Apr 302011

The Boots Motel is for sale, and a Carthage group is looking for a way to preserve the iconic building on Route 66.

A group met recently at the Carthage Chamber of Commerce to discuss whether there is interest in trying to ensure the building remains a Carthage landmark.

“It was pretty much unanimous that they want to see more preservation along Route 66 in Carthage. Since the Boots is for sale, it would be the first target,” said Wendi Douglas, executive director of the Carthage Convention and Visitors Bureau.

The initial meeting on Friday was organized by Lora Phelps, a vice president at UMB Bank.

“A lot of people feel the Boots should be preserved and that it could be utilized as a way to bring more people to Carthage,” she said. “We wanted to get a group together, and now we’re discussing ideas and exploring our options.”

By Susan Redden – Globe Staff Writer The Joplin Globe

20 Things to do in Cuba, Missouri…Route 66 Mural City

 Daily, Missouri  Comments Off on 20 Things to do in Cuba, Missouri…Route 66 Mural City
Mar 242011

Bette Davis, Harry Truman, and Amelia Earhart visited Cuba Missouri, why don’t you?

Attractions and Activities to enjoy while visiting Cuba, Missouri…

1. 12 Outdoor Murals along the Route 66 corridor through Historic Uptown Cuba tell the story of Cuba’s history from 1857 when it was founded.
Get a mural brochure at the Visitor Center at Exit 208 on I-44 or in area restaurants and businesses.

2. Spend some time at the History Museum/Veterans Memorial/Public Library at Recklein Commons on Smith Street two blocks off Route 66.

3. Visit Antique Malls/Resale Shops

4. Enjoy Specialty Shops such as Three Mile Creek, home of Missouri’s Largest Bed Frame and custom lodge/western furniture.

5. Cruise Historic Route 66 through Cuba.
Visit the Historic Landmark Wagon Wheel Motel & Connie’s Shoppe for photos of the oldest motel on Route 66.
See the 1931 Phillips 66 Station at the intersection of Hwy. 19 and Route 66.

6. Spend some time at the Crawford County Fair in July. George Jones will be performing in 2011.
Located at Hood Park, just off Route 66. Hood Park is also a location for walking and biking.

7. Take a photo at the Guinness World Record Largest Rocking Chair, “A Route 66 Wonder” on the site of Fanning Outpost US 66 General Store and Archery 4-Plex Center with indoor and outdoor ranges, including one 3D range.

8. The Chamber of Commerce Visitor Center located at Exit 208 on I-44 offers coffee, water, clean rest rooms, friendly staff, and a lot of information. Pick up the latest Viva Cuba t-shirt while you are there.
Information on local businesses, events, and activities is available. You can find information on area church services at the Visitor Center.
In October, 2011 there will be a Civil War Reenactment at nearby Leasburg.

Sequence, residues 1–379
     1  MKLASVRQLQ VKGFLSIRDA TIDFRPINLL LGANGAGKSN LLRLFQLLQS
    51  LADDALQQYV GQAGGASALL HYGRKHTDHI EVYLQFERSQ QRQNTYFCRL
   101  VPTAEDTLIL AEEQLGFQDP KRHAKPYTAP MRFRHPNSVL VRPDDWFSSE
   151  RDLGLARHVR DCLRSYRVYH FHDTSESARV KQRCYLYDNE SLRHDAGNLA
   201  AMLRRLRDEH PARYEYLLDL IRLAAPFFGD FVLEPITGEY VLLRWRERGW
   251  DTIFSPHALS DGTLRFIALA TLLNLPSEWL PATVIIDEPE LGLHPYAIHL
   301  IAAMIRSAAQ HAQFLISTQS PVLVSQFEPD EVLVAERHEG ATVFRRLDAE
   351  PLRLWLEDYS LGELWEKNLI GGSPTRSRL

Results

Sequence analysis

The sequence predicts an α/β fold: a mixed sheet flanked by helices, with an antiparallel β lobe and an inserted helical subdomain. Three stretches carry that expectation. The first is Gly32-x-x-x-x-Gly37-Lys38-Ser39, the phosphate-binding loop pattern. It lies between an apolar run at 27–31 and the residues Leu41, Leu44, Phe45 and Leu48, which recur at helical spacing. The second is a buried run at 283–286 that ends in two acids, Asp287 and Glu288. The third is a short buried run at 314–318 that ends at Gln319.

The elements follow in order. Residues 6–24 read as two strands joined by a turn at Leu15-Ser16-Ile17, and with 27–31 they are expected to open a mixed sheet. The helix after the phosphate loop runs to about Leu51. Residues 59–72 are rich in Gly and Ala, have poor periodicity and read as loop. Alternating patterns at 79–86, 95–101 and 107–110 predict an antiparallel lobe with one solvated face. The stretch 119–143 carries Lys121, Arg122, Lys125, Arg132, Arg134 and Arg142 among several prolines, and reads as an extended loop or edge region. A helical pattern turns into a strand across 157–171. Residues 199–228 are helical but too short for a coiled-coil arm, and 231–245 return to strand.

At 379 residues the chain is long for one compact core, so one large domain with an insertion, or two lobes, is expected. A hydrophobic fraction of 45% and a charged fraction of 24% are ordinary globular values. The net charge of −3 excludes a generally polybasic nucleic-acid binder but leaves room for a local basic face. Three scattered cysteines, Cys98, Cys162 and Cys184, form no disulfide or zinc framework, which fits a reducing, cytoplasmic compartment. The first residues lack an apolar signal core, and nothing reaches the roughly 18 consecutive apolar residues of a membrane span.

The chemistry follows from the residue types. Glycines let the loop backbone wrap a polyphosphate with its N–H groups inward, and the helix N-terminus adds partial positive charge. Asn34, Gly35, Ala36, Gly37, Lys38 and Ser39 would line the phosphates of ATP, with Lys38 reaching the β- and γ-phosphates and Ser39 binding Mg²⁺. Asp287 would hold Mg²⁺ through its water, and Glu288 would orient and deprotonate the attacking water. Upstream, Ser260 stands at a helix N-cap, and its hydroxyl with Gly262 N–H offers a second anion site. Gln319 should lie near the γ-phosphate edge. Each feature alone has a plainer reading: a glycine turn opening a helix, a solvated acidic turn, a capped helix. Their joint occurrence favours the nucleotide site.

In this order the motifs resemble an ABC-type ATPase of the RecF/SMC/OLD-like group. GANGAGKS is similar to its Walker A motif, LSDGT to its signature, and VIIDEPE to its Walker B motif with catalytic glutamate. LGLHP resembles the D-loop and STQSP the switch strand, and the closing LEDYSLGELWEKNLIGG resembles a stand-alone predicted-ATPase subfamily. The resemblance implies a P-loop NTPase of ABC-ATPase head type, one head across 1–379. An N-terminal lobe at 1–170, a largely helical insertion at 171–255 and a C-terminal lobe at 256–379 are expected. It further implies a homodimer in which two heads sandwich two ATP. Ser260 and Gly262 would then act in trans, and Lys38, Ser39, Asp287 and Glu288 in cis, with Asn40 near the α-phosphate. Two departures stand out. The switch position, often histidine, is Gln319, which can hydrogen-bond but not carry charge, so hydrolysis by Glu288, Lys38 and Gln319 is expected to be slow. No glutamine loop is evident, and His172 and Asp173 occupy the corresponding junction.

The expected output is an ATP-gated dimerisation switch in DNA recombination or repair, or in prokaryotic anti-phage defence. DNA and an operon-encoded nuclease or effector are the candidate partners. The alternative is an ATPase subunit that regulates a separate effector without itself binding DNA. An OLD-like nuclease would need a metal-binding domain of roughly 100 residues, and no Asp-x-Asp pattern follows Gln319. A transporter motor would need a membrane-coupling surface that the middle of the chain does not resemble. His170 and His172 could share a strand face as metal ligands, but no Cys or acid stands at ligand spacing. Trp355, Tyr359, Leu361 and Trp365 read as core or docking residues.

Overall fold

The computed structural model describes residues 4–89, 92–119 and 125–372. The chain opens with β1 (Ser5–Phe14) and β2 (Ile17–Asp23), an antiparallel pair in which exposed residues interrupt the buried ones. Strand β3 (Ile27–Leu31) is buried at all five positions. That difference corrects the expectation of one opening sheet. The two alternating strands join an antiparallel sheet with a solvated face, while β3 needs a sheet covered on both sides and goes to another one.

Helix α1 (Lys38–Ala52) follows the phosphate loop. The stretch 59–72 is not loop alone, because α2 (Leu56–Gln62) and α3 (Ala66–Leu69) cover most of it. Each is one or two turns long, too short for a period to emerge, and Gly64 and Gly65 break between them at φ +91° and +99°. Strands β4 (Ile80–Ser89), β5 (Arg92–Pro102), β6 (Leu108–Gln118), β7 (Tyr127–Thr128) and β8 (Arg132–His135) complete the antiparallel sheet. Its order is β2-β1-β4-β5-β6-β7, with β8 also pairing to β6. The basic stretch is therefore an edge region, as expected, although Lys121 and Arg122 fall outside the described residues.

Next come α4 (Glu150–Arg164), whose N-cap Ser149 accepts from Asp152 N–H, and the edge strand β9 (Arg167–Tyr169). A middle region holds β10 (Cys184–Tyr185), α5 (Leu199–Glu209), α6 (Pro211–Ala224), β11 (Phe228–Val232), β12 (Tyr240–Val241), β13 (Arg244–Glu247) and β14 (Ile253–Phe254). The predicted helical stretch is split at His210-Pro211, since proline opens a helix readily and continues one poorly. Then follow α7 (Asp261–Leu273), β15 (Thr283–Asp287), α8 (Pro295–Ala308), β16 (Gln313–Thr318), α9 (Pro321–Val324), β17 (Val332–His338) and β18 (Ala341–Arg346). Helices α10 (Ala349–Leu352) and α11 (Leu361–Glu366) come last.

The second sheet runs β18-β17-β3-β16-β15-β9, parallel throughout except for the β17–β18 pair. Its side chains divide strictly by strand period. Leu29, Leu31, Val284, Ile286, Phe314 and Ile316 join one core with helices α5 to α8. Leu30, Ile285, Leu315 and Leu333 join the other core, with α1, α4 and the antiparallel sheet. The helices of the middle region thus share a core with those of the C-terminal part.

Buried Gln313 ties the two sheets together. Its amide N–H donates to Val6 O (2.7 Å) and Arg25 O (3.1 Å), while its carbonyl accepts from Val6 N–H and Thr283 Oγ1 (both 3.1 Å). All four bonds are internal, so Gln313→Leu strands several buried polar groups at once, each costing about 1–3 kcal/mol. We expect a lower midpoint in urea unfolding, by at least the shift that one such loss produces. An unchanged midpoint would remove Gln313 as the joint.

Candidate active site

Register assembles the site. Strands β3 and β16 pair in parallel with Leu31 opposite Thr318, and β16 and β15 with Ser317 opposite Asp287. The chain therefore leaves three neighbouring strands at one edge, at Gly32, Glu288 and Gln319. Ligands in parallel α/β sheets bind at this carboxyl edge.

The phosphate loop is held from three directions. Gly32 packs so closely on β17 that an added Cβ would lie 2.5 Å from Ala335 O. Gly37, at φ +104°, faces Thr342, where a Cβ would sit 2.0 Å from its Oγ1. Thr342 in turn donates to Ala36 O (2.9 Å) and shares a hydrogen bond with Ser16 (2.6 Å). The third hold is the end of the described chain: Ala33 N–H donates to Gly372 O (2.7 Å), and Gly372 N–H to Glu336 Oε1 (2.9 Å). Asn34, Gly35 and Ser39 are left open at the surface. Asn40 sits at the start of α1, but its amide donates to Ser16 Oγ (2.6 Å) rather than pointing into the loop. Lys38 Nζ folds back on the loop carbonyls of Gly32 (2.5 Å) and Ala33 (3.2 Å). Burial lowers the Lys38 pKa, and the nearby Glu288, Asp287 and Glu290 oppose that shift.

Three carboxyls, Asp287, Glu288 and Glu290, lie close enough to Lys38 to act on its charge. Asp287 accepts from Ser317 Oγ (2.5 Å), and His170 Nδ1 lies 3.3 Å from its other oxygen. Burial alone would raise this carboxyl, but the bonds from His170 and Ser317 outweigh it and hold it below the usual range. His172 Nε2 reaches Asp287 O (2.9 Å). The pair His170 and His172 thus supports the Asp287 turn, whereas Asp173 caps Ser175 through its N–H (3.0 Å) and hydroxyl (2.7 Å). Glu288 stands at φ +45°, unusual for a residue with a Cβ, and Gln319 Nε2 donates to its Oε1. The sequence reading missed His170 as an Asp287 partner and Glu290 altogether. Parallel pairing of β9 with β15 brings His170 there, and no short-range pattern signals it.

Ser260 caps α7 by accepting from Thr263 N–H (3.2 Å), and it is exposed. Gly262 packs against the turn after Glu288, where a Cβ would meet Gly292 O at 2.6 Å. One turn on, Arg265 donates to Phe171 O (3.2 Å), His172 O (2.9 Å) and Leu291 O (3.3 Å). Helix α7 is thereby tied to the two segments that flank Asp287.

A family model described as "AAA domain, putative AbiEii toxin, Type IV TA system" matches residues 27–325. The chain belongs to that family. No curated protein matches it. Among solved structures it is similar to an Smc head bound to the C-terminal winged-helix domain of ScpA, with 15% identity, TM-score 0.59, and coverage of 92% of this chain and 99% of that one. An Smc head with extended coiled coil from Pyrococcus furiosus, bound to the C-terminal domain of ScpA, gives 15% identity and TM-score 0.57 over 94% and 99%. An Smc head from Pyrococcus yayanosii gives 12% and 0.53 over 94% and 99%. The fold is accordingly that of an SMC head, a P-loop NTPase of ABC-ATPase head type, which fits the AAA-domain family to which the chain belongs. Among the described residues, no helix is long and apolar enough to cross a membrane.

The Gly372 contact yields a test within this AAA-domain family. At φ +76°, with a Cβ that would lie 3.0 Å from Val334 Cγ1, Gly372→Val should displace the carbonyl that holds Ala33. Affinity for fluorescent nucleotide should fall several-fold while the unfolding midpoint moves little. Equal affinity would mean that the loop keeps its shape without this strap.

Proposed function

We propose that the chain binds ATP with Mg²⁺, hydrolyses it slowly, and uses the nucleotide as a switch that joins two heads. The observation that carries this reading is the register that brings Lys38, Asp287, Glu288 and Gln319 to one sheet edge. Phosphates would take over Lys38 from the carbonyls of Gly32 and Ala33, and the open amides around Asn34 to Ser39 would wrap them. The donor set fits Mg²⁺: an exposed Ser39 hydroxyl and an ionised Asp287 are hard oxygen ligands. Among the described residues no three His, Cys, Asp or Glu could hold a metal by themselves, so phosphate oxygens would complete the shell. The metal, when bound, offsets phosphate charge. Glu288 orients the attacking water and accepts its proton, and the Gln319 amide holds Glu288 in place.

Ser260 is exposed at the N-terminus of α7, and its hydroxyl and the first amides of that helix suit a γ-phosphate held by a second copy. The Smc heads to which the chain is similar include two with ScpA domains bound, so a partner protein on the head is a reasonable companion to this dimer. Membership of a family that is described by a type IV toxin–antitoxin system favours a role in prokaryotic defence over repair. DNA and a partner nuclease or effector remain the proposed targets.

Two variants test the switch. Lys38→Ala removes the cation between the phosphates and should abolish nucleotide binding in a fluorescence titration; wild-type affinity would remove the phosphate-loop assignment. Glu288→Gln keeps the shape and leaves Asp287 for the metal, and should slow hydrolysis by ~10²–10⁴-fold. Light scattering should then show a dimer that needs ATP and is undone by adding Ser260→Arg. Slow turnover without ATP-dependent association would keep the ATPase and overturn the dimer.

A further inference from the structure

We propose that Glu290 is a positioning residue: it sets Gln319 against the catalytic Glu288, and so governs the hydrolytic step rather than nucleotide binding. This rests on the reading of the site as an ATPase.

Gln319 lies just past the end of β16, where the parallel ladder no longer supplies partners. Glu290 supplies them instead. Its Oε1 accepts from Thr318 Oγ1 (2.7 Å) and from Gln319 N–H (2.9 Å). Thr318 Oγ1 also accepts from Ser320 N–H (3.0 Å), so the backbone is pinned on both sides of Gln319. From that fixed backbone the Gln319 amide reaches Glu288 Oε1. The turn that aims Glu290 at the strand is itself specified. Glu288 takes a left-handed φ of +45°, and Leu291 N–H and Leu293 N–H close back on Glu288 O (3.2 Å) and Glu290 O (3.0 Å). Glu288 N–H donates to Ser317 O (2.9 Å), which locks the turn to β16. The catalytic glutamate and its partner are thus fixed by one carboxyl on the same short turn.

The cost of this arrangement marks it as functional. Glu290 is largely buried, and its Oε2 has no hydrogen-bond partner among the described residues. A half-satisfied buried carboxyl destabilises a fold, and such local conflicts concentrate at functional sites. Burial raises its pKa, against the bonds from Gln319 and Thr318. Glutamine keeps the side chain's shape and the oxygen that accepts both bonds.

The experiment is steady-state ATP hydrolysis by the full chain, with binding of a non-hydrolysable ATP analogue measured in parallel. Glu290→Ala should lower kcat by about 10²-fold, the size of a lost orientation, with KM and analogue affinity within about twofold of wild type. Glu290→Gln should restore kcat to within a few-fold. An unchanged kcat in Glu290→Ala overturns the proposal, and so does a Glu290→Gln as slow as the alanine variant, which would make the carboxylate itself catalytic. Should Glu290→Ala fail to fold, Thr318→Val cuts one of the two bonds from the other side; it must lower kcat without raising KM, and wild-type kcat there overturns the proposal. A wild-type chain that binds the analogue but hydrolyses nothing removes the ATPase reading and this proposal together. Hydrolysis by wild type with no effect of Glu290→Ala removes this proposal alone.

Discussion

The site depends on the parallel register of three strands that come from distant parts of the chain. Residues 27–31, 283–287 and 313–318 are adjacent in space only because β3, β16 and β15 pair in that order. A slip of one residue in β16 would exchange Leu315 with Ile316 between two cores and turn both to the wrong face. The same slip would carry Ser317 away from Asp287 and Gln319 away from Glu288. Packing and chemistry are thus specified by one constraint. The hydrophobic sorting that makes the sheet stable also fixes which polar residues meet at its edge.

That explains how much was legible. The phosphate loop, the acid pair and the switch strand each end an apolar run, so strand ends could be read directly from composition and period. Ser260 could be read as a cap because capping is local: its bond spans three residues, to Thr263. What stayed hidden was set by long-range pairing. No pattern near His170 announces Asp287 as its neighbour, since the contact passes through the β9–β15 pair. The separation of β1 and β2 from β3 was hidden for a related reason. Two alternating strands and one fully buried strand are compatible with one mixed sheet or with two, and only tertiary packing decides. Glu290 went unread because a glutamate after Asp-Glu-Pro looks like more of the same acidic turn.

9. Eat at one of Cuba’s independently owned restaurants. MO Hick and Frisco’s are only two. See the complete list on the Chamber of Commerce website.

10. Parks, a swimming pool, and bike trails are available.

11. Cuba Fest the 3rd Weekend in October is small town Missouri at its best. Free narrated Trolley Tours of the Murals are available as well as a Sunday Cemetery Tours at Kinder Cemetery.

12. In season the Drive-In Theatre near the Visitor Center on Hwy. 19 offers a glimpse of days past with first run movies.

13. The Cuba Lakes Golf Course offers a two lake course that can be a challenge.

14. An 1873 Train Replica and Painted Traffic Control Boxes in the Viva Cuba Garden provides a relaxing stop while walking the mural route.

15. Floating, camping, outdoor sports at nearby Ozark area rivers are enjoyed by many visitors each year.

16. There are Industrial Enterprise Parks to Grow Your Business if you are thinking of relocating to a convenient Midwest location with a lot to offer.

17. Pick up a brochure at the Visitor Center at the I-44 Overpass for more information on some of Cuba’s historical buildings.

18. See Other public art throughout Cuba. Area business have added their own murals both inside and outside of their businesses.

19. Hayes Shoe Store on Route 66 (Smith and Washington) has two Robert Wadlow Shoes on display. Robert Wadlow was known as the “Giant of Alton.” The store is also the site of the Prosperity Corner Mural.

20. Visit the September Lions Club Car Show in the historic district. Visit the area murals at the same time.

If that isn’t enough, you can visit nearby Steelville for the Meramec Music Theatre shows or see a concert at the historic Wildwood Lodge like you’ve never seen one before. Or you can visit one of the Cuba Livestock Sales to experience a little bit of agriculture in Mid-Missouri.

You can click HERE to go to the Cuba MO Murals website to see pictures and get more information,

Route 66: Preserving an 85-Year History along the Mother Road

 Daily, Missouri  Comments Off on Route 66: Preserving an 85-Year History along the Mother Road
Feb 172011

In 1926, Springfield became the Route 66’s Birthplace

Route 66 would have turned 85 this year. In 1926, pioneers of the east-west corridor officially named it ‘Route 66’ at a meeting in Springfield, Mo.

It was decommissioned in 1985, but the mother road still brings in tourists from across the globe.